It turns out that my brother and I might actually be related after all.

Yesterday was Bright Sunday at my church. It was the first time we had ever celebrated Bright Sunday, which is the day (usually celebrated in Eastern Orthodox churches) when we dress in bright colors and celebrate with holy laughter the miracle of Christ rising from the dead. This website says that, “The custom was rooted in the musings of early church theologians (like Augustine, Gregory of Nyssa, and John Chrysostom) that God played a practical joke on the devil by raising Jesus from the dead. ‘Risus paschalis – the Easter laugh,’ the early theologians called it.” Our pastor explained it in a similar way. It reminded me of the party that Lauren Winner talked about in Girl Meets God, where everyone met on the Monday after Easter and brought whatever it was that they gave up for Lent so that they could all celebrate together.

In our case, we just wore Hawaiian shirts and other bright colors. It was one of those things where I wanted to tell visitors, “We don’t always dress quite so silly.”

After church, we went out to eat to celebrate a friend’s birthday. Because it was cold and I didn’t want to be dressed like an idiot all day, I had brought along a change of clothes. And by “change of clothes” I mean “my Davidson sweatshirt.” That’s right! I own a Davidson sweatshirt. Because my brother went there. I am totally legit. For the record, Mike put on his UNCG sweatshirt. SoCon represent! (First Mike and I were eerily matchy with our Hawaiian shirts. Then we were eerily matchy with our sweatshirts. We were having one of those adorable couple days. I am not all that comfortable with the matchy matchy.)

While we were on our way to the restaurant, I called my brother to tell him that I was wearing the sweatshirt he bought me in honor of his alma mater’s big game. He said that, in fact, he had worn his own Davidson sweatshirt to church. (I would have worn mine to church if it hadn’t been Bright Sunday. Too bad the sweatshirt is gray. Later on in the day, I saw that my mom’s Facebook status was that she was wearing her Davidson sweatshirt. We were a whole family of matchy matchy!)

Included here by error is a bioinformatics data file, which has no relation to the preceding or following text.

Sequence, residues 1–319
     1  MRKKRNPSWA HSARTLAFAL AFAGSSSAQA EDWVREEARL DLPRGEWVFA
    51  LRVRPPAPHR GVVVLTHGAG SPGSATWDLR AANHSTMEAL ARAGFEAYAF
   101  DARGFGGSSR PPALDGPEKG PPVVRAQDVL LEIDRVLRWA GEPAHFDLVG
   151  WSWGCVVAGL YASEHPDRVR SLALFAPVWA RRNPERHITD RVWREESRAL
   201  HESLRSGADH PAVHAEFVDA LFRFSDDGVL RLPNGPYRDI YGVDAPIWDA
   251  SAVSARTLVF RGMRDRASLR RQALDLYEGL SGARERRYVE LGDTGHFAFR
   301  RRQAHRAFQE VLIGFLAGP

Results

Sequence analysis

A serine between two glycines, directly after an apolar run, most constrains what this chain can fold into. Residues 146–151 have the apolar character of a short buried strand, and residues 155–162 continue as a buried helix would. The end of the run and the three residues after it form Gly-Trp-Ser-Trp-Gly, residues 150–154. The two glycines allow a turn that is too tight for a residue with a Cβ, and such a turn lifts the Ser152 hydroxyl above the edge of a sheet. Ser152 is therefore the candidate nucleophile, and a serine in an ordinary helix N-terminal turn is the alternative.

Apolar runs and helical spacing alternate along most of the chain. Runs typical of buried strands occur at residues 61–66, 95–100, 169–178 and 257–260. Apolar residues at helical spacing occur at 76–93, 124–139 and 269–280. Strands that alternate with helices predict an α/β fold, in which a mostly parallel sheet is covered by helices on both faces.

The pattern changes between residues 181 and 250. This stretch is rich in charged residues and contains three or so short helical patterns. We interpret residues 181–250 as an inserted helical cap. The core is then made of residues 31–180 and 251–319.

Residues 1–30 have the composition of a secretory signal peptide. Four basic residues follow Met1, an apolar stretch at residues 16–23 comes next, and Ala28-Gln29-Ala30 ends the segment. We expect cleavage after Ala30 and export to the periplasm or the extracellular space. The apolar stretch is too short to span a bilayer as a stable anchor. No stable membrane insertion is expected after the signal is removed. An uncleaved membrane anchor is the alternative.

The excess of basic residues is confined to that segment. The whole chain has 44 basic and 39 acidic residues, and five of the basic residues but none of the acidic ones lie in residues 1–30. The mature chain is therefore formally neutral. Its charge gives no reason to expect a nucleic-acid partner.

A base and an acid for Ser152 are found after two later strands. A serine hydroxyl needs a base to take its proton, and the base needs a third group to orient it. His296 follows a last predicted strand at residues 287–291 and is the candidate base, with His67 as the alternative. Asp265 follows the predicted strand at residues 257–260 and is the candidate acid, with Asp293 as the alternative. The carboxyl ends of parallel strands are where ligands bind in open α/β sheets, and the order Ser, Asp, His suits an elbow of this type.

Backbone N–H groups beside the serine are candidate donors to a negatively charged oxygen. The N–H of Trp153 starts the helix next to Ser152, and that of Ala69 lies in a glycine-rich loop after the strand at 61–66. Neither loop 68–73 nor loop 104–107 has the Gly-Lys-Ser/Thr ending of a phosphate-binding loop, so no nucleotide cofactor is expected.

But that is not the point of this post. The point of this post is that Davidson (and, you know, Stephen Curry) managed something that I thought was impossible. They got my brother to care about college basketball. Now, I love me some college basketball. March is a wonderful, wonderful time of year. Joseph, however, isn’t all that big on organized sports and that kind of athletic competition. Not that he’s not athletic – he did tae kwon do, he ran track and cross country. He just doesn’t care for the way that sports stars are idolized and overpayed. And he especially doesn’t like how people tie their importance and mood to a team they have nothing to do with. We have had a lot of discussions about this, and while I see his point, I do truly love the game of basketball. I love competition and rivalry. It’s one of those things where we mostly just agree to disagree. So when Davidson kept winning those games, I didn’t call him, because I thought he’d be like, “Well, okay, thanks for letting me know, but you know I don’t really care.” I called my mom instead, and we squealed excitedly about the games, just like we always do.

But then on Sunday, my brother and I were talking about a game! Of basketball! He even knew that, if his team won, they would be playing my team! This is some serious progress, people. You need to root for Davidson in the future so that he and I can continue this emotional closeness.

In all honesty, I was kind of heartbroken at the end of the game. I know that my brother wasn’t deeply invested in the outcome, but it was fun to watch him have something like that to be excited about. I know that people all across the country were rooting for Davidson, but at the same time, it felt very personal, to know, as Mike and I were standing in the middle of the living room watching the last play, that my brother was watching the game at a bar with other Davidson grads, that my mom was watching at her house. All of us in our matching sweatshirts.

I didn’t call him, because I knew he’d say, “Oh, well, no big deal.” But I would have called if they had won. Because I knew he was watching.

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